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The Winter 2010 issue of The Earth Scientist includes a variety of educational resources, ranging from astronomy to glaciers. Check out the other publications and classroom materials in our online store.
Image of Magellan orbiting Venus.
Click on image for full size
NASA/JPL

Magellan

On May 4, 1989, Magellan was carried into space by the Atlantis space shuttle, which launched it toward Venus. It arrived on Aug. 10, 1990 and inserted itself into a highly elliptical orbit around the north and south poles.

Over the next 3 years, Magellan used radar to penetrate the dense cloud cover surrounding Venus and map its surface. With every orbit it sent back strips of data, which were put together by scientists back on Earth into a 98% complete global map. Because Magellan viewed the Venusian surface from varying angles, 3-dimensional images of the planet's terrain were also possible.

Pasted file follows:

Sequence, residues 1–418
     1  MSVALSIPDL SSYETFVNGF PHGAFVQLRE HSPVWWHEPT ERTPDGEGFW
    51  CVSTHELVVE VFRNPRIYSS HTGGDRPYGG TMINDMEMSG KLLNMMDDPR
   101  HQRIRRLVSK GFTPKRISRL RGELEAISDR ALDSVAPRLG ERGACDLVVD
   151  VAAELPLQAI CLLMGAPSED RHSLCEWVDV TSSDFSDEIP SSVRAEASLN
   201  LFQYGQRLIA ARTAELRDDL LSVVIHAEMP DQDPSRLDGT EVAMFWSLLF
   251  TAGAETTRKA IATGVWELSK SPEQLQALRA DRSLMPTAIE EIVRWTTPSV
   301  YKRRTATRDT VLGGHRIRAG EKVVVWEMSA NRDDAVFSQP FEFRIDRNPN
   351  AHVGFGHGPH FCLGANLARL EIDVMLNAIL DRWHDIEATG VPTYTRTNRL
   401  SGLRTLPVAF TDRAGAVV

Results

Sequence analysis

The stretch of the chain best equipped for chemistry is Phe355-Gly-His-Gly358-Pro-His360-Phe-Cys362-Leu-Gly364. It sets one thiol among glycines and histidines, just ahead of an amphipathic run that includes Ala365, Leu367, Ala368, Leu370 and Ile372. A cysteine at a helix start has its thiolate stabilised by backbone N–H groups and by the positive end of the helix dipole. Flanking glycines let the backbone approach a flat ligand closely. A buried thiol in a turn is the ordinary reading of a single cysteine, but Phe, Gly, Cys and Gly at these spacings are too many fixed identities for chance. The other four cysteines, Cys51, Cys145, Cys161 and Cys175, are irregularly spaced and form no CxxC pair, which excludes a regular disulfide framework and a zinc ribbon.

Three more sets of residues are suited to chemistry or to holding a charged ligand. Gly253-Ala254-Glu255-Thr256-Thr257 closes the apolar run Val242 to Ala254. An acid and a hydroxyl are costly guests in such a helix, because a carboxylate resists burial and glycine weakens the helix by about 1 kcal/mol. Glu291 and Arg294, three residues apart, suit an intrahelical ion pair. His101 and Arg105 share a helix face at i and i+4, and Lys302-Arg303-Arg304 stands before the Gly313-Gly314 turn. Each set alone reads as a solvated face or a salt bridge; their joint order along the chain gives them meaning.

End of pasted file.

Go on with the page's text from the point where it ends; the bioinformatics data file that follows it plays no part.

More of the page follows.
After studying Venus' gravitational field for a year, Magellan then plunged into its atmosphere, testing a new technique for controlling surface descent, called aerobraking. Although it was crushed by the planet's pressure, scientists learned valuable information that would be used in future missions.


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Windows to the Universe, a project of the National Earth Science Teachers Association, is sponsored in part is sponsored in part through grants from federal agencies (NASA and NOAA), and partnerships with affiliated organizations, including the American Geophysical Union, the Howard Hughes Medical Institute, the Earth System Information Partnership, the American Meteorological Society, the National Center for Science Education, and TERC. The American Geophysical Union and the American Geosciences Institute are Windows to the Universe Founding Partners. NESTA welcomes new Institutional Affiliates in support of our ongoing programs, as well as collaborations on new projects. Contact NESTA for more information. NASA ESIP NCSE HHMI AGU AGI AMS NOAA